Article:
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Looking for strategic digital opportunities for Newcastle Gateshead Cultural Venues

Posted on Fri, 19 Feb 2010 by Jonathan Briggs

Updated: 2 March 2010

I have been tweeting about a series of workshops I have been running for a group of arts and cultural organisations. This is part of a much bigger collaboration between 11 organisations including the Baltic Mill, the Sage Gateshead, Live Theatre, Northern Stage, the Tyneside Cinema, the Theatre Royal, Way Good, Tyne & Wear Archives and Museums, 7Stories and Dance City. The bigger project is being lead by Clare Cooper of Missions Models Money and is looking at all aspects of collaboration between the partners.

My goals for these workshops has been to get senior people from each organisation to share their questions about digital, map the vast digital landscape from their perspectives and look for light-weight opportunities for collaboration.

I will be writing and presenting a report for the group but I thought in the spirit of keeping the conversations open I would summarise some of my thoughts and findings so far. This may also spark some ideas in other similar organisations and if so I’d love to hear from you so that we can feed these reactions into our on-going conversation. I am not, of course, going to reveal confidential information about any of the partners although I was excited to discover that every one of them is doing some things very well.

Is digital really going to help our organisation?

I can identify a number of common worries that will be familiar to many organisations and not just in the cultural sector:

  1. It is hard to know how to keep up to date
  2. How to select from the bewildering array of opportunities
  3. Digital is hard to buy because want and need are poorly defined
  4. Building a business case for many digital projects is often difficult
  5. It is easy to make mistakes and back the wrong horse, technology or social channel
  6. Scalability is a concern; what if this is a big success, how will we cope?
  7. Separating public and private personalities is very tricky both for organisations and for their staff
  8. Making money is harder than it looks

What do we mean by digital anyway?

Our discussion of what constitutes digital demonstrated clearly the widely differing perspectives from which the landscape can be viewed: digital as the product of a cultural process (a DVD or installation), digital as a means to an end (using online to allow artists to collaborate), digital for marketing and communication (effective uses of the web or social networks), for operational improvement (reducing printing costs) and for audience engagement (user generated content or discussion). In defining opportunities for collaboration it is useful perhaps to separate these dimensions.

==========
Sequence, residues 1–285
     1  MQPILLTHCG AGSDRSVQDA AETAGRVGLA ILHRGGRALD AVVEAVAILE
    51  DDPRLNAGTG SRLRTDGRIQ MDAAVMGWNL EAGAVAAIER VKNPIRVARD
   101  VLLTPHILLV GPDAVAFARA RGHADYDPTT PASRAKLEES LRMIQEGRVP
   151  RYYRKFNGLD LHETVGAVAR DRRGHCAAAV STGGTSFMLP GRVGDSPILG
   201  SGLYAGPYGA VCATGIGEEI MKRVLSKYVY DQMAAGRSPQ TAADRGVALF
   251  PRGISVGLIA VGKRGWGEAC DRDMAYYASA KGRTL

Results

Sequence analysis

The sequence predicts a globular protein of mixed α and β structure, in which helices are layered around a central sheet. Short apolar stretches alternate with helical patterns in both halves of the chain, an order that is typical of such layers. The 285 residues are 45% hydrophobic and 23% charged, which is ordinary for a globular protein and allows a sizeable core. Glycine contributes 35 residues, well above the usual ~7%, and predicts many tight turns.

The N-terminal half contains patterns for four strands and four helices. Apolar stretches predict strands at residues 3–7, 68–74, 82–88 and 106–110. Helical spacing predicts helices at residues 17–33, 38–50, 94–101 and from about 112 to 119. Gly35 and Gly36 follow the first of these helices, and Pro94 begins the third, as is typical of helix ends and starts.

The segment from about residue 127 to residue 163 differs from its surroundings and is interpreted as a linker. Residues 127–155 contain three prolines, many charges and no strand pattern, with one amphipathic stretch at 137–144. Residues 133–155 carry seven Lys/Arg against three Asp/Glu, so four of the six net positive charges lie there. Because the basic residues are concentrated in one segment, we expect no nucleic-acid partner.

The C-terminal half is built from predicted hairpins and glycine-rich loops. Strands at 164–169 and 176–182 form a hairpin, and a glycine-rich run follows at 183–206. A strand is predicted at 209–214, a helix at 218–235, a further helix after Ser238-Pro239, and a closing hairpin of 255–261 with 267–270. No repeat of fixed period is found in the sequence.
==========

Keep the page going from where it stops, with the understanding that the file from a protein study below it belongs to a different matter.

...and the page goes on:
It is easy to take a technological perspective and I spent some time with each group discussing mobile, social platforms, ticketing, ecommerce, iPad, tracking, analytics, streaming and changes in behaviour such as crowdsourcing, piracy and paying for content.

What are some of the opportunities for collaboration?

This was the heart of our workshop and together we produced an impressive list of activities and guidelines that appear worth exploring further.

Here are a few of them:

  1. Share the employment of a blogger, journalist or content writer
  2. Agree on standards for publishing and exchanging data such as events
  3. Share workshops on key topics such as SEO, PPC and analytics
  4. Divide up some of the small projects between the partners and let them report back to the whole group. This would reduce the sense of there being too many things to try
  5. Make sure that lessons from both successful and unsuccessful experiments are shared
  6. Develop shared social networking guidelines through shared staff workshops
  7. Help each other identify u201cwhite labelu201d services that can be used to experiment with some additional ideas such as retail, t-shirts and print on demand
  8. Help each other’s web visibility through partner pages on websites
  9. Agree to promote each other more often in email, social media and offline
  10. Swap time and expertise between the organisations or allow staff to work together on a particular experiment
  11. Help each other to further develop their digital strategies by discussing common key performance indicators
  12. Create a series of integrated themed days involving multiple partners online
  13. Run some pre-procurement workshops to help create better requests for tender


Yesterday's (1 March) presentation focussed on these collaborative actions that can be taken by the group and was well received.

I presented a lightweight digital strategy that every one of them could use as a template for their future experiments:

  1. Define possible digital outcomes for their organisation and assign each a value
  2. Bring their digital presence in all channels up to a minimum standard
  3. Focus on developing unique content (and/or service) including rich media
  4. Take specific actions to build their digital (channel) audiences
  5. Track and monitor the value they are creating according to the metrics defined at the start
  6. Define a series of experiments (collaboratively with other partners in the group)
  7. Share success and failure within this group as well as time and skills
  8. Make sure that internal staff are fully involved at all stages
  9. Rinse and repeat (as necessary)

This has been a very enjoyable piece of work for a remarkable group of creative people. I am looking forward to following the actions they take with interest.